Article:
Tuesday, December 1, 2009

In Vitro Meat

For a few months now, I've been reading about in vitro meat that the Dutch have been brewing in labs from a small, fleshy sample of a pig. They say it may be in grocery stores as soon as 2014. PETA's been throwing cash at them in support, and I'm trying to decide if I support it myself. I'm working out the implications of in vitro meat in my mind and I can't really see anything wrong with it. Personally, I don't think I'll ever eat meat again. This meat is supposed to be healthier, greener, and cruelty-free [[all the major reasons to go vegan]], but I don't think I could stomach it. I guess the only issues I have with in vitro meat are in my imagination. What if it proves to be unhealthy? More cancerous than meat already is? And since I've been playing Left 4 Dead 2 a lot-- what if it's the start of the zombie apocalypse and we run around like mad cows gnawing our faces off?? It's a stretch, but what if...?

This is a picture of lab grown meat from TreeHugger

Then, I come to the question of eggs and milk. I haven't heard any word about growing dairy and eggs, but I start to wonder-- could I eat that? Could I go out and get pasta without worrying if they use butter or oil? Probably. I may not cook with it anymore, since I've harnessed this passion for MacGyver vegan cooking, but it'd sure be nice to eat out and not have to ask a thousand questions.

Anyway, I'm curious about what you guys think. Would you eat it? Is it technically "vegan" to you? Any zombie apocalypse thoughts?


deraj1013 said...

I've always thought that test tube meat is still meat. For those who eschew meat for reasons of animal rights, this might be a novel solution. However, it seems to me that in order to create test tube meat, an animal had to be slaughtered in the first place as part of a starter culture. So even if it is grown in a lab, it isn't completely free of guilt.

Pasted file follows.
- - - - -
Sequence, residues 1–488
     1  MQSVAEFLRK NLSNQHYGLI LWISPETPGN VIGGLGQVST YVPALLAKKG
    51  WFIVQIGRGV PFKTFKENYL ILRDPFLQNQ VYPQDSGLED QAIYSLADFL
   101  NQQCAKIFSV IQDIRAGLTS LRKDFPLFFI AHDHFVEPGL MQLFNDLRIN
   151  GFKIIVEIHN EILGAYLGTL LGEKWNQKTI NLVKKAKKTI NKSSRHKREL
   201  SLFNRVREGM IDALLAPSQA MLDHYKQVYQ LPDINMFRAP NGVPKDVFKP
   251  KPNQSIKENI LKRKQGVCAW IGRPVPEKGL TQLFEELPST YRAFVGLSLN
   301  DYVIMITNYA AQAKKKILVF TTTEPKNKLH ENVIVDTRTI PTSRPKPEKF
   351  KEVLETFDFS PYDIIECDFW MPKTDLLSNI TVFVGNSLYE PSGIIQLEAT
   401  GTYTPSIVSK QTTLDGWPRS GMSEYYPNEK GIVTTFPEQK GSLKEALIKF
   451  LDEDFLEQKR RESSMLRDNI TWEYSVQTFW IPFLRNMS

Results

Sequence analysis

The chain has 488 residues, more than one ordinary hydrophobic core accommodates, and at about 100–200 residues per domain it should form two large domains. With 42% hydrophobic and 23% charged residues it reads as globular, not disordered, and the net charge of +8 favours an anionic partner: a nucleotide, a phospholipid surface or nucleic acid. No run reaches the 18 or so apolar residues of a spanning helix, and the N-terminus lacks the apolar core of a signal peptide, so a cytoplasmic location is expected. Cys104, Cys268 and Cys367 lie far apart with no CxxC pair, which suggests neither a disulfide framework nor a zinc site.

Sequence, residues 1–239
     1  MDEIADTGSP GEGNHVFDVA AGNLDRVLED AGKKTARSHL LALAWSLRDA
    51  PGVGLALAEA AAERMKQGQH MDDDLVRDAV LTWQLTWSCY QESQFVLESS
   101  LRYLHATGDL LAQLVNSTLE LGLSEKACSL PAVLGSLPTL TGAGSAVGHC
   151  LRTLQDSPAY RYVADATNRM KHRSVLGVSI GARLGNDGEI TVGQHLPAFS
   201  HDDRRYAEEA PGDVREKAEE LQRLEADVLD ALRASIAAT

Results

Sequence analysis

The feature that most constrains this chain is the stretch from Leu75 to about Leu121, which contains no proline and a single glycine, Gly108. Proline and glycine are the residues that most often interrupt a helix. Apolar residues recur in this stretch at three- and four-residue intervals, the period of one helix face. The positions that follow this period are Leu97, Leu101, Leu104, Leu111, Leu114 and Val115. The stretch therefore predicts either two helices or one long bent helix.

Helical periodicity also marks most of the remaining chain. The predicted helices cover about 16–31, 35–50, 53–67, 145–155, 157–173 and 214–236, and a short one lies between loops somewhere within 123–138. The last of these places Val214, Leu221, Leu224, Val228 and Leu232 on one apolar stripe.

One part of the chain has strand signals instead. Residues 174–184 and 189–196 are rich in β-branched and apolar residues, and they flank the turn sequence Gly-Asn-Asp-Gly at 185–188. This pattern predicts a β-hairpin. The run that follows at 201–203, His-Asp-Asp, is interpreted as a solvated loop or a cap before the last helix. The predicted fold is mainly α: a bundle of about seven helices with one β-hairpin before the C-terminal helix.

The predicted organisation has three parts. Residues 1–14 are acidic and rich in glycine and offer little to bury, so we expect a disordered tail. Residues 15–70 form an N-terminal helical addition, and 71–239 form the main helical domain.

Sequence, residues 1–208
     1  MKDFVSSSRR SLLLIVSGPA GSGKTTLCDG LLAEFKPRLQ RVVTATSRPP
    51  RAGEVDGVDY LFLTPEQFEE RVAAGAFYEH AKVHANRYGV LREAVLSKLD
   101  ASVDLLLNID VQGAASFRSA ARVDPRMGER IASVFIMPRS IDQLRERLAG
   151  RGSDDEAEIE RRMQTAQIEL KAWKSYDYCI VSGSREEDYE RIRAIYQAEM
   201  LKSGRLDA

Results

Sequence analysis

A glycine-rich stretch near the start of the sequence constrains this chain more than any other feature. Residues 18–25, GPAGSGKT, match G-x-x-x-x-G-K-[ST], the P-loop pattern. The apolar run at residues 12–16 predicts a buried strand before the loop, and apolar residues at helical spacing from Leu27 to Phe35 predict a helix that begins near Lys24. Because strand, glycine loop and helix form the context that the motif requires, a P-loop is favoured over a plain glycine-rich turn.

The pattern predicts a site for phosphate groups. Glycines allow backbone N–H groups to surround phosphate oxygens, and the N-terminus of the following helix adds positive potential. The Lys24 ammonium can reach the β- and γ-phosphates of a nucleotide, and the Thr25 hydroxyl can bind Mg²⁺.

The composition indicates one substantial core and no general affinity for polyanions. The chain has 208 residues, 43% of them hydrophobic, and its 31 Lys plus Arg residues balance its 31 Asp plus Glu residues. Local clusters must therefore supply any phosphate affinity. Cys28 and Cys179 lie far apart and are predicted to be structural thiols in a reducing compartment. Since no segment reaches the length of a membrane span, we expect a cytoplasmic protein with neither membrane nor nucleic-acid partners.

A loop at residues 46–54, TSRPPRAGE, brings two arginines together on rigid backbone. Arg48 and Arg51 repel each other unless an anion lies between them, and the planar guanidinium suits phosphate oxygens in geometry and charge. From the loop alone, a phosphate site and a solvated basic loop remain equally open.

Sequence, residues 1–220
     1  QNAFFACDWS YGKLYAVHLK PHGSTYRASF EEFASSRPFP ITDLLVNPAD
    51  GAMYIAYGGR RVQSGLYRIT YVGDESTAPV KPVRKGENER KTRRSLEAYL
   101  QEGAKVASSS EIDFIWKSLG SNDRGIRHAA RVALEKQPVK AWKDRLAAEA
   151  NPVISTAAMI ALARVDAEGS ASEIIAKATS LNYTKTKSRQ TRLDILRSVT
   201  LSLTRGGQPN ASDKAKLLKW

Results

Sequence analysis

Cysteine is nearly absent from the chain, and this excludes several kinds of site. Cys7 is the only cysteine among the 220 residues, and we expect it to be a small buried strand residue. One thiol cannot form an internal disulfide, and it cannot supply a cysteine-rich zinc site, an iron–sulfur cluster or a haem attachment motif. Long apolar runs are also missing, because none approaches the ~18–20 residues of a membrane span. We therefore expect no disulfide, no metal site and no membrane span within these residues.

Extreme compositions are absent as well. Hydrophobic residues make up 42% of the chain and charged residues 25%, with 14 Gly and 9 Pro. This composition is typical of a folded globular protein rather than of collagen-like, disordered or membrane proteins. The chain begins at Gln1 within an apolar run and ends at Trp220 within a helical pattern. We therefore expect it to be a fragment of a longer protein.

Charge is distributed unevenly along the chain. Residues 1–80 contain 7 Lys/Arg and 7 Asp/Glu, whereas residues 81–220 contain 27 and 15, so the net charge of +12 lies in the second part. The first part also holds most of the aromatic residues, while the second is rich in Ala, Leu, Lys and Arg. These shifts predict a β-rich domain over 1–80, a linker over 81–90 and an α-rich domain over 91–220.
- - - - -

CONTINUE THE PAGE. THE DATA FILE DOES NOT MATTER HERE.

Also, proponents of animal rights also won't be changing the temperature of the room by getting people turned on to laboratory beef. Ultimately, the goal would be to get people to consume less (or no) meat, and test tube muscle tissue does little to ween people from the behavior of eating meat.

Healthwise, the jury is going to be out about the long-term effects of this product. I'm a vegetarian who won't eat in-vitro meat. I also wouldn't want to volunteer to be a test subject for the meat industry.

I'm surprised that PETA is behind this. On a fundamental level, it is sensible because they advocate for animal rights. I just don't see how advocating for people to eat glass-grown steak is going to be ultimately beneficial for the movement. That's my long two cents.

evolution said...

I gave up meat and dairy for health reasons. Kindness to animals and a healthier environment are beautiful side effects for me. So, meat is still meat. For those who gave up meat because they do not wish to be part of the cruelty of living beings, keep in mind this frankenmeat is going to be supplemented with salmon oil and unless they are growing hunks of salmon flesh (which they just may be for all I know), there will still be some Earthlings being slaughted.

Unknown said...

Evolution -

I noticed the salmon oil, too, but wasn't sure if that was grown like the meat. I think if they wanted to start growing anything, it should be fish, since they're becoming so scare and over-fishing poses pretty immediate environmental problems.

Anyway, I couldn't really bring myself back to the old way of eating, either. Although they do claim this new meat is healthier-- pure muscle, no saturated fat, infused with omega-3's (there's the salmon oil), etc. But I question it all.

dera1013 -

It is strange to me how "on board" PETA is. I guess they're mostly about cruelty-free meat. I do wonder how many, if any, animals need to be slaughtered in order to mass produce this meat.

You said you don't think people will change their slaughtered animal eating habits for this tube meat? Some of these articles I've read (I linked to them) seem to think that farms are in trouble if this is successful. It does make me wonder about meat snobs and chefs though. They'd probably turn their noses at this kind of meat.

Thanks for sharing!

Jain said...

Yes to the above and I'm very disappointed in PETA.

I don't care for present day faux meat (burgers, tofurkey, chicken strips, etc.) because I don't WANT to put anything in my mouth that resembles dead, burned flesh. This stuff has no appeal for me.

Personally, I think herbivores have to be pure in our vegetarianism if we're ever to stop restaurants from putting fish sauce in entrees and chicken stock in soup. The confusion over what's acceptably veg and what's not will only worsen if this gains traction.